Myanmar part 2

A village home

We landed in Badan and was first taken to the largest pagoda in the area. To make our way to the attraction, we had to negotiate a corridor of gift shops. Now would be the time to tell you of our biggest complaint. In Myanmar a person is required to remove all footwear including socks not only before entering a temple, but also the temple site itself. Those of us that are used to wearing footwear find it very uncomfortable and at times painfull to walk over pebbles, bricks, and other hazards. Every temple visit ends with extremely dirty wet wipes. The temple was beautiful with all the gold leaf but truthfully, we have seen may pagodas and temples in other countries and were hoping that there would be more……. We were not disappointed! The short drive to Bagan took us to an area just littered with temples, shrines, and pagodas. These were not the gold leafed

Lunch in Bagan

sandstone structures we are so familiar with but beautiful places constructed from brick and stone. The buildings and pagodas varied in shape and size and were dated from the 8th century to present. I will let the pictures speak for themselves at noon we began looking for a place to lunch. We wanted to eat like the locals so in a small wood and bamboo establishment on a dusty crossroads we sat. A variety of dishes were brought out and we had a meal with a very distinctive Indian flavor. It was ok but the surprise of the meal was the beer. Myanmar beer…. Especially very cold which we got, has to be one of the best beers we have ever had. All agreed that it was at least as good as beer Lao. I wish we had a similar product in

A Temple

Vietnam, but i still can put up with Saigon Special i suppose 🙂 . For the meal we had, the cost was a bit unreasonable. It was a tourist trap I am afraid. In the afternoon we explored a small village that was among the most primitive I have seen anywhere. Unlike other Asian countries, the Burmese people seem guarded and cautious when it comes to strangers. Perhaps it is because of the political climate or some other circumstance. A big smile will get you a few returned, but it can just as easy get a turning away reaction……. Hmmmmm…. Interesting that. Over all they are very friendly when interacting with them.  This whole area specializes in lacquer ware and wanting to bus some as a souvenir, we stopped at a gift shop to make a few purchases. Oh dear!!!, the prices were absolutely outrageous. I have no idea if anybody actually buys their goods as


a trinket bracelet sold 3 for a dollar were being sold for 2 dollars each. I now regret not buying from one of the kids that offer souvenirs around the temples. Hopefully when I go back to Yangon I can find some. After an afternoon of sight seeing we had the driver drop us in the new town (looked old to me) and we set about trying to find a good restaurant for dinner. We did find a place by the riv but again it was overpriced and the food only mediocre. I guess Bagan is not going to get known for fine dining. Again tomorrow we are off on an early flight to Mandalay. New day, new adventure.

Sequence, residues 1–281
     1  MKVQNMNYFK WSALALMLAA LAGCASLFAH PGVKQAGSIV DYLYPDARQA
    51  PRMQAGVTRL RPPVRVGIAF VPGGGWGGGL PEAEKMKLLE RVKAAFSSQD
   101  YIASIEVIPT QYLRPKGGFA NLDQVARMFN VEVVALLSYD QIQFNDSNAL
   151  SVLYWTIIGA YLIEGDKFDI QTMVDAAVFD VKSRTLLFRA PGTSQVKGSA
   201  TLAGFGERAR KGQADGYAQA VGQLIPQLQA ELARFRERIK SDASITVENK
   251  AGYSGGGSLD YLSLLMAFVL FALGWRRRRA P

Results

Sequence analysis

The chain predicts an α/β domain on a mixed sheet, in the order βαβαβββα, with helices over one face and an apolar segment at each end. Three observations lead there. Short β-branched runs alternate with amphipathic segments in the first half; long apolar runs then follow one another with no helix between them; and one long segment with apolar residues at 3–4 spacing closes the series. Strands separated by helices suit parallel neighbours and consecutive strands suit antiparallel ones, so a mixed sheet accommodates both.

This Samsung tablet I purchased has to be the handiest thing I have ever owned. Even typing on the flat screen is much easier than I had imagined……. Anyway….. With stickers slapped to our chests, we were scrutinized by security and our names and nationality checked off of a envelope sized piece of paper when we boarded our aircraft.

Bridge in Mandalay

Bagan seems to be very cautious of those entering and leaving whereas Mandalay is the exact opposite. On arrival nobody checked our passports or anything else. As we approached the only official we could see, we were just waved through. Ok….. That was easy. A guide and driver were waiting and thenV’Explore team headed over a new but abit rough road to Mandalay. I have never been to India, but I think this city would be very much like it. The population is made up of half of Chinese descent. This is a busy, noisy and smoke choked place. There seems to be an issue with reliable power and there are large deisel generators on the sidewalks in front of many businesses. This location is not known for its pagodas but for some historic sights such as an old wooden bridge and the former kings palace/fort. I think we are in agreement that this city even though there is some historical interest, is not one of the better places to go. We had difficulty finding a restaurant that appealed to us but in the end it worked out ok.

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Tour designer and Guide specializing in off the beaten track tours of Vietnam

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